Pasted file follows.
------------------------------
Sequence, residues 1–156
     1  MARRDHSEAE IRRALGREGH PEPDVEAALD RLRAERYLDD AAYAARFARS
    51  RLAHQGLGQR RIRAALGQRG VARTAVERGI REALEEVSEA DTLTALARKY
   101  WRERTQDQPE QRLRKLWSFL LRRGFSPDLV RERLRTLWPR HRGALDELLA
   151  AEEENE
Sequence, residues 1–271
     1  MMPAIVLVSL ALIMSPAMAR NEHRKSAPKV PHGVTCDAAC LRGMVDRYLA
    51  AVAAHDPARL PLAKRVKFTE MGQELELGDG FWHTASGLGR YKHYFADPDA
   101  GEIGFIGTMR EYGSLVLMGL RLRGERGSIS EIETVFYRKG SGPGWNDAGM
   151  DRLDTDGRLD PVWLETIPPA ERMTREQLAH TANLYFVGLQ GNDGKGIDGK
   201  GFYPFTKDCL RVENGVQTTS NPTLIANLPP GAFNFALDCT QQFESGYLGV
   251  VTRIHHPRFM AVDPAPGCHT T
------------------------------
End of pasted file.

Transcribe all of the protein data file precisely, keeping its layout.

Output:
Sequence, residues 1–156
     1  MARRDHSEAE IRRALGREGH PEPDVEAALD RLRAERYLDD AAYAARFARS
    51  RLAHQGLGQR RIRAALGQRG VARTAVERGI REALEEVSEA DTLTALARKY
   101  WRERTQDQPE QRLRKLWSFL LRRGFSPDLV RERLRTLWPR HRGALDELLA
   151  AEEENE
Sequence, residues 1–271
     1  MMPAIVLVSL ALIMSPAMAR NEHRKSAPKV PHGVTCDAAC LRGMVDRYLA
    51  AVAAHDPARL PLAKRVKFTE MGQELELGDG FWHTASGLGR YKHYFADPDA
   101  GEIGFIGTMR EYGSLVLMGL RLRGERGSIS EIETVFYRKG SGPGWNDAGM
   151  DRLDTDGRLD PVWLETIPPA ERMTREQLAH TANLYFVGLQ GNDGKGIDGK
   201  GFYPFTKDCL RVENGVQTTS NPTLIANLPP GAFNFALDCT QQFESGYLGV
   251  VTRIHHPRFM AVDPAPGCHT T